Diverse Coalition Releases Report Showing So-called “Bad Faith” Legislation Could Lead to Higher Costs
LANSING, Mich. – Local businesses, trade associations, and nonprofit organizations have joined together to launch the Don’t Touch MI Rates Coalition with the simple mission of protecting hard-working Michigan families and small businesses from so-called “bad faith” legislation introduced in the Michigan Legislature. Today, a member of the coalition, The American Property Casualty Insurance Association (APCIA), has released a study on the economic impact of proposed bad-faith insurance reforms in Michigan showing the bills could impose big costs on consumers if signed into law.
In fact, the changes in House Bill 4681 and Senate Bill 329 would create 35 new avenues for legal action against insurance companies, creating a potential cost to Michigan consumers ranging between $2.4 billion and $4.7 billion or 11 percent to 21 percent on average across all types of insurance policies (as indicated on page 16 of the report). The potential for disruption of the insurance market could lead to higher auto, home, and other insurance costs for all Michiganders.
The proposed legislation was drafted to include nearly all types of insurance in Michigan. However, the most dramatic impact is likely to be on Michigan’s 7.2 million drivers where auto insurance policies could skyrocket by nearly 40 percent.
“The proposed bills would lead to higher insurance costs that could have a disproportionate effect on low-income Michiganders, who are less likely to be able to pay higher premiums,” said Dawn Crandall, Executive Vice President of the Home Builders Association of Michigan. “Being unable to afford insurance would leave more low-income people vulnerable to financial ruin in the event of a car accident, house fire, or other emergency.”
While the bills are being touted as a consumer protection measure, they are more about increasing profits for the trial bar than protecting consumers.
“The proposed bills will create costly and frivolous lawsuits over insurance claims, which means everyday Michiganders may end up paying more for insurance,” said Tim Daman, President & CEO of the Lansing Regional Chamber of Commerce. “This is the last thing consumers need when they are already feeling the impact of higher costs due to inflation.”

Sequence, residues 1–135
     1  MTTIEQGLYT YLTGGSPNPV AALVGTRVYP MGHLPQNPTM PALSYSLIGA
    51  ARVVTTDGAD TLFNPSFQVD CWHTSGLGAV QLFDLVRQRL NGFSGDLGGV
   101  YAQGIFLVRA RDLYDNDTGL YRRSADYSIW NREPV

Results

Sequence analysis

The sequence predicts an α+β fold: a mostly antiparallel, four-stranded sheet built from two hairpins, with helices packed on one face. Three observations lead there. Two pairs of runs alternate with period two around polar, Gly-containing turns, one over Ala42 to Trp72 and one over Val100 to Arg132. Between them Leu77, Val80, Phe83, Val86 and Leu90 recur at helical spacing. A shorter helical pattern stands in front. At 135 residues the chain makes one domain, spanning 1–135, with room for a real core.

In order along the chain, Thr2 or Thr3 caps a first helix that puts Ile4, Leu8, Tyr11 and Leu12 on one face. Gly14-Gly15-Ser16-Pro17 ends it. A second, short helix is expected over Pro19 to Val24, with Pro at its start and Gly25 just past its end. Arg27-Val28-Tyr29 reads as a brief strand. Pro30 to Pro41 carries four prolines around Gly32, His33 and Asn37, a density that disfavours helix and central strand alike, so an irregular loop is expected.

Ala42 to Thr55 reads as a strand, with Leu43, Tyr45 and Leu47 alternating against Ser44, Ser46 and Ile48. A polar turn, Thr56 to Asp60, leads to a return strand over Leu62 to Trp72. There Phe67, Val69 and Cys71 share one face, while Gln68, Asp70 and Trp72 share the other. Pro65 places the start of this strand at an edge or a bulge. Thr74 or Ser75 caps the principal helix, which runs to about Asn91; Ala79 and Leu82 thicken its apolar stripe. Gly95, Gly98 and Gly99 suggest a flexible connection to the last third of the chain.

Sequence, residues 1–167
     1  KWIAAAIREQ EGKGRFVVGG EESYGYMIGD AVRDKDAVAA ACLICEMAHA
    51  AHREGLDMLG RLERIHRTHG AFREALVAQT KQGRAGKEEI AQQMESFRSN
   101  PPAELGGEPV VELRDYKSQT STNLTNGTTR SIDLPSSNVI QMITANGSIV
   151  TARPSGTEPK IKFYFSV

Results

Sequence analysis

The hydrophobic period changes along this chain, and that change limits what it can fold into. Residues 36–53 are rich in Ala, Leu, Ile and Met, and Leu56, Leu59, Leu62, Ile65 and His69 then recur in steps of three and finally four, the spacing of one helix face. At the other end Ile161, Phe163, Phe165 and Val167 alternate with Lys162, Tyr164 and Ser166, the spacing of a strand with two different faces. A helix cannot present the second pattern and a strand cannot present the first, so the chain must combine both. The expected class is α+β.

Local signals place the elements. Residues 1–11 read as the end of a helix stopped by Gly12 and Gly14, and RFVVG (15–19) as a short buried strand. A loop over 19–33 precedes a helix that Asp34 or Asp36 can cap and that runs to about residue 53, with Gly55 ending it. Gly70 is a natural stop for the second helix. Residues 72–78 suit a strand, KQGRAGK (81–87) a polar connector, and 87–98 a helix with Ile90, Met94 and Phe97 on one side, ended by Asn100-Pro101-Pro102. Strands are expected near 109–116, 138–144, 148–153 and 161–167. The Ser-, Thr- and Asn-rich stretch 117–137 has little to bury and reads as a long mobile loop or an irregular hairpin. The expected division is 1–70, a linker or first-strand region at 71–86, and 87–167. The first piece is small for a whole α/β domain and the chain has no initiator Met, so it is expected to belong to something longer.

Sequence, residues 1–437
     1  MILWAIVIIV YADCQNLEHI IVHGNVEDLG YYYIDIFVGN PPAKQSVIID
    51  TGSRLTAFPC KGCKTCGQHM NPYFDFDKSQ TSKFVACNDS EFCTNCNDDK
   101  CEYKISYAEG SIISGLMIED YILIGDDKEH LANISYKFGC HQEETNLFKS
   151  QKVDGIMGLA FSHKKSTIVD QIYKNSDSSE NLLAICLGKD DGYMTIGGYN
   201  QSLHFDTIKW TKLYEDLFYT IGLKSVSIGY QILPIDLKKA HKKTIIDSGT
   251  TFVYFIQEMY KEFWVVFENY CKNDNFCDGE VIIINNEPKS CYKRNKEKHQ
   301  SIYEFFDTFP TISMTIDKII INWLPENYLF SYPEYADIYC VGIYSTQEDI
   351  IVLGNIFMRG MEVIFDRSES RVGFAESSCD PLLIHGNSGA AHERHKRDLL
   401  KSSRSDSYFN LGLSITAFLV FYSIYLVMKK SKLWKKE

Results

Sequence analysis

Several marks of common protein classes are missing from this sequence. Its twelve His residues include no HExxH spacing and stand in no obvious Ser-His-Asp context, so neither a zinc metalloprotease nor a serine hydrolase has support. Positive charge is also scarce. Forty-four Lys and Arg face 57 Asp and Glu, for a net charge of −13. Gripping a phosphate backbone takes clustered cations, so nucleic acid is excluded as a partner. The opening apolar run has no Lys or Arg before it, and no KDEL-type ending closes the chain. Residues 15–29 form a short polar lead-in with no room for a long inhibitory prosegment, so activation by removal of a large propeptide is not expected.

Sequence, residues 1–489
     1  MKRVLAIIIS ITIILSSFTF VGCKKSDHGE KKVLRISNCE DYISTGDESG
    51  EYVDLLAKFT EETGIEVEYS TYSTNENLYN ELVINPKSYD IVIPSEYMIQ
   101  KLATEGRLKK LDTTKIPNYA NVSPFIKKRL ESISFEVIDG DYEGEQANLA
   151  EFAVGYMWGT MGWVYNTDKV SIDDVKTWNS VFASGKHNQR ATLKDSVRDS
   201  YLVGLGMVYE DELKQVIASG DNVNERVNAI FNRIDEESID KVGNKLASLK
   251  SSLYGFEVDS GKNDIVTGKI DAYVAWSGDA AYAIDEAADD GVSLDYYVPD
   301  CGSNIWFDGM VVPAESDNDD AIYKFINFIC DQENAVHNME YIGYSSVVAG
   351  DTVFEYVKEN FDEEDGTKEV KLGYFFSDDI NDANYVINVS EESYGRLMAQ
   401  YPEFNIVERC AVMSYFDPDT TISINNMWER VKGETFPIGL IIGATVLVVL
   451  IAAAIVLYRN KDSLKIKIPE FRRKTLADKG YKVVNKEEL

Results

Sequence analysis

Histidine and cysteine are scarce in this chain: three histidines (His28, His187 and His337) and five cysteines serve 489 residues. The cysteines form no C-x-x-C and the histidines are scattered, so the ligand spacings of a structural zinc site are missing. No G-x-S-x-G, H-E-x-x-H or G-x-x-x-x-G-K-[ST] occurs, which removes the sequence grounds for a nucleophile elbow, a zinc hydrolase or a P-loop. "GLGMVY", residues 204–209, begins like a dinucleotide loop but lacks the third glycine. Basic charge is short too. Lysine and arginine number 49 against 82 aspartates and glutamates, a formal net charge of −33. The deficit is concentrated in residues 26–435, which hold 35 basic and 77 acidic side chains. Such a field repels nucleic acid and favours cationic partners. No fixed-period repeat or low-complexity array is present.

It’s not just consumers that will be impacted though, small businesses will feel the financial burden of these misguided reforms. “This study notes that these proposed bills could lead to escalated costs for consumers and businesses across the state, increase fraud, and open the litigation floodgates creating detrimental consequences for all Michiganders, particularly small business owners,” said Jared Burkhart, CEO of Big I Michigan.
Similar efforts have been tried in other states to the detriment of consumers. When states like California, Florida, and Washington passed similar legislation, studies showed there was an increase in the cost of insurance claims and insurance premiums, attributable to unwarranted increases in both settlement amounts and lawsuits. “We should heed the warnings from these other states. If similar increases occurred in Michigan, it could ultimately negatively affect consumers,” Burkhart added.
Michigan has strong, robust consumer protections regarding insurance claims practices and strong regulatory protections, oversight, and investigations. The Michigan Department of Insurance and Financial Services (DIFS) has many tools at its disposal, including market conduct examination, fines, penalties, enforcement litigation and even suspending a business’ license to protect Michigan consumers.
The mission of the Don’t Touch MI Rates Coalition is simple: protect working families and small businesses from so-called “bad faith” legislation introduced in the Michigan Legislature. Learn more about the Don’t Touch MI Rates Coalition by visiting our website at https://www.donttouchmirates.com/.